Ultrasound measurements of axillary recess capsule thickness in unilateral frozen shoulder: study of correlation with MRI measurements
- 19 Downloads
The aims of this study were to compare the ultrasound thickness of the affected axillary recess capsule (ARC) with that of the unaffected ARC in patients with frozen shoulder (FS), to analyze whether the ultrasound measurements of the ARC thickness correlate with those obtained using MRI, and to assess whether the ultrasound thickness of the ARC correlates with the patterns of range of motion limitation.
Materials and methods
Forty-four patients with clinically diagnosed unilateral FS and MRI evaluation performed ultrasound measurement of ARC. The ultrasound measurement of the ARC thickness was performed with the patients in a supine position with their shoulder abducted by 40°. The ARC thickness was also measured by MRI on oblique coronal images by another physician blinded to the ultrasound measurements. With both ultrasound and MRI, ARC thickness was determined at the widest portion of the capsule.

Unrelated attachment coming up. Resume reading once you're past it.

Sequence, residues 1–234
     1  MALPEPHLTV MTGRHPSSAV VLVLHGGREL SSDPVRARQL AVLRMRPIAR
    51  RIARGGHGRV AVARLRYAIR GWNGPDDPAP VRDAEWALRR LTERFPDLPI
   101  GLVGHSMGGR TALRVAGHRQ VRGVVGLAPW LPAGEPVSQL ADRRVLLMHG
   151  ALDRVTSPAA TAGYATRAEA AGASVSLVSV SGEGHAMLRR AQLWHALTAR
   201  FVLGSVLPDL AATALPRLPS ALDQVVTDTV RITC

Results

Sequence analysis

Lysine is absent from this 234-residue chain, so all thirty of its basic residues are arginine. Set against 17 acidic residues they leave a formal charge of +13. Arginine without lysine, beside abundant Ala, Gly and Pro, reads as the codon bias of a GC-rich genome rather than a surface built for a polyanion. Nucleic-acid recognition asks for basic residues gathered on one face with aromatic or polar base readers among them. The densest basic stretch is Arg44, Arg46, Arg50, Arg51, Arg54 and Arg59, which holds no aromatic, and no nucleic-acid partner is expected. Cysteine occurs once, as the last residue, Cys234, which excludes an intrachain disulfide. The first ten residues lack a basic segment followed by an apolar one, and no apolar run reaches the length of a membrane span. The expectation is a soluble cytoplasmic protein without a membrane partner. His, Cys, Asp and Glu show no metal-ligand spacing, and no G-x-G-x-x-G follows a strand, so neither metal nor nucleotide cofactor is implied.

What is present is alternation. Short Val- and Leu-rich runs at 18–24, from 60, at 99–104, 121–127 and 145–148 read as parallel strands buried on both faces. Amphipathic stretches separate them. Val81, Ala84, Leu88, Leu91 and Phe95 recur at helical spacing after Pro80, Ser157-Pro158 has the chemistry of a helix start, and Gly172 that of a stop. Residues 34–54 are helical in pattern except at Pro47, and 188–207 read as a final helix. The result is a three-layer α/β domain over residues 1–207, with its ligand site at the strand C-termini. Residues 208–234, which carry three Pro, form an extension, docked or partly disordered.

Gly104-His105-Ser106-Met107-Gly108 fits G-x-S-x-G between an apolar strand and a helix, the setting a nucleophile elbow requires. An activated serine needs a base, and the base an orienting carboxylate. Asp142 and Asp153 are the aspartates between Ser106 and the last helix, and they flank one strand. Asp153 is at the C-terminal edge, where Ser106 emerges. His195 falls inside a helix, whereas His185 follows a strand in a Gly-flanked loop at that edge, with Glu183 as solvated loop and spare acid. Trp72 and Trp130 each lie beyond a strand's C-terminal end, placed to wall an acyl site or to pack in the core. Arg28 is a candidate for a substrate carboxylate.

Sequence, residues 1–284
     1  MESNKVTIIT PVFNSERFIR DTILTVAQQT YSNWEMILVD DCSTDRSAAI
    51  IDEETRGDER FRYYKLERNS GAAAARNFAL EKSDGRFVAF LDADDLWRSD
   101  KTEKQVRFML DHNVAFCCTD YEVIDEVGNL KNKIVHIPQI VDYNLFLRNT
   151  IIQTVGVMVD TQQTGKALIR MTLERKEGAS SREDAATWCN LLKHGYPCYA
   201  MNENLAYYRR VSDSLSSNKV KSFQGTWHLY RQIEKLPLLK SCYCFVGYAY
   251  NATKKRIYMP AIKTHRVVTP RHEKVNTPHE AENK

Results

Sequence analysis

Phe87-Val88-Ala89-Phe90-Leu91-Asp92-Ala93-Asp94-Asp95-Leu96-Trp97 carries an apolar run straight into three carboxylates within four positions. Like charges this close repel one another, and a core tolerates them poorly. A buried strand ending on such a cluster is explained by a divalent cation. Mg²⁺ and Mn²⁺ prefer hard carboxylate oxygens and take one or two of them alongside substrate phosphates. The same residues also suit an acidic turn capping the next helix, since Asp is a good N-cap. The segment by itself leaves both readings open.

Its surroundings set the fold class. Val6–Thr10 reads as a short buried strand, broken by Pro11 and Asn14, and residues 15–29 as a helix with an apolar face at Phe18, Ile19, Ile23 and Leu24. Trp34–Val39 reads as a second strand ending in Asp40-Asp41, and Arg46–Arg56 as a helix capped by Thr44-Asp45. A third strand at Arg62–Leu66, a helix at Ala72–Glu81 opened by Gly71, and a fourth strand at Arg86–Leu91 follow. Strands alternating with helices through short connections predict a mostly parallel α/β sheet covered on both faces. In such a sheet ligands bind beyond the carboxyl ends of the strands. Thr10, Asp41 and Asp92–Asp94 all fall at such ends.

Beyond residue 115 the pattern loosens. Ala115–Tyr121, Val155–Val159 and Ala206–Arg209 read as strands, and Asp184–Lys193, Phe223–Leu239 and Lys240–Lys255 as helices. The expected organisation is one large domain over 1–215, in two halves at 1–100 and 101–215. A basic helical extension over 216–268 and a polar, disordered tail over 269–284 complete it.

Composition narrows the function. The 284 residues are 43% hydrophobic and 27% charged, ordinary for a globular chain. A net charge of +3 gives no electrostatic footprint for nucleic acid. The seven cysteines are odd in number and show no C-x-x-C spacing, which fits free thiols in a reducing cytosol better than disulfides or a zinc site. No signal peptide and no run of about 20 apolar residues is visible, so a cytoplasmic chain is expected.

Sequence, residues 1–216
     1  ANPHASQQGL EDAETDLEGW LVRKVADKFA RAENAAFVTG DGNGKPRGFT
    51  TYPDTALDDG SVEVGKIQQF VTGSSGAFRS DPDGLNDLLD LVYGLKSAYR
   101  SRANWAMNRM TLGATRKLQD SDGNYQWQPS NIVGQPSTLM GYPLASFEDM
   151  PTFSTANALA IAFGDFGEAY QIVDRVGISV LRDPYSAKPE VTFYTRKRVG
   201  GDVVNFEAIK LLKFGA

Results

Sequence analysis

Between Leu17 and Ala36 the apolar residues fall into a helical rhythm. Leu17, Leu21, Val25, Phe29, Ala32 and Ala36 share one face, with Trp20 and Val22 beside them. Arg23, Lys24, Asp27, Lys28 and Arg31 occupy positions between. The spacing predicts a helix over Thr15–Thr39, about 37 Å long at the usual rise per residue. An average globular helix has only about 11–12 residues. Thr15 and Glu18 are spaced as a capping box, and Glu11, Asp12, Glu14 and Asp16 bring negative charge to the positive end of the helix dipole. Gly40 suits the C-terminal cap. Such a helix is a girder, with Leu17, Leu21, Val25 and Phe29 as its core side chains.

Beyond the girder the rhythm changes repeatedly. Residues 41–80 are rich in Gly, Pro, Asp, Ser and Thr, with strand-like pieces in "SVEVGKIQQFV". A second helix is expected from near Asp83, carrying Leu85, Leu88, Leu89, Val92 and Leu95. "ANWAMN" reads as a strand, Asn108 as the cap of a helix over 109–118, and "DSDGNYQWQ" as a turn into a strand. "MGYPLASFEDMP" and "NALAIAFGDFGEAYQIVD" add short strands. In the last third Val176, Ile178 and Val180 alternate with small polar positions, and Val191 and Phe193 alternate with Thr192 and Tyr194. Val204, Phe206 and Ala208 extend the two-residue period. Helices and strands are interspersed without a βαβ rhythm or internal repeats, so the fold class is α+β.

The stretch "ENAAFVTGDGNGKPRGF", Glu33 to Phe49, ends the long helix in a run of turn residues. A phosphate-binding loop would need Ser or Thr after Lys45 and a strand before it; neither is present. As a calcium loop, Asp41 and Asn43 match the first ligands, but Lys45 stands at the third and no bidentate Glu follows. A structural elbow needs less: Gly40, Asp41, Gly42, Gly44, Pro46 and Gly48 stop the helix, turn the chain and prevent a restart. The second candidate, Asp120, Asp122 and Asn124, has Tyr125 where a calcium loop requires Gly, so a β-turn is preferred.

The ultrasound thickness of ARC was significantly higher in the affected shoulder (4.4 ± 1.1 mm) than in the unaffected one (2.2 ± 0.5 mm) (p < 0.001). The ultrasound thickness of the ARC in the affected shoulder correlated with that measured by MRI (8.9 ± 1.9 mm) (p < 0.001, r = 0.83). The ARC thickness, whether measured by ultrasound or MRI, was not significantly related to the limitation of movement in specific directions.
Ultrasound can demonstrate the difference in ARC thickness between affected and unaffected shoulders in patients with unilateral FS. The ARC thickness measured by ultrasound correlates with that measured by MRI.
KeywordsFrozen shoulder Ultrasound Axillary recess capsule
Compliance with ethical standards
All procedures performed in this study involving human participants were in accordance with the ethical standards of the institutional review board.
Conflict of interest
The authors declare that they have no conflicts of interest. They did not receive any financial support or other benefits from commercial sources for the work reported on this manuscript, nor did any of the authors have any financial interests with regard to the work that may create a potential conflict of interest or the appearance of one. This work has not been presented, submitted, or published in any form or any language.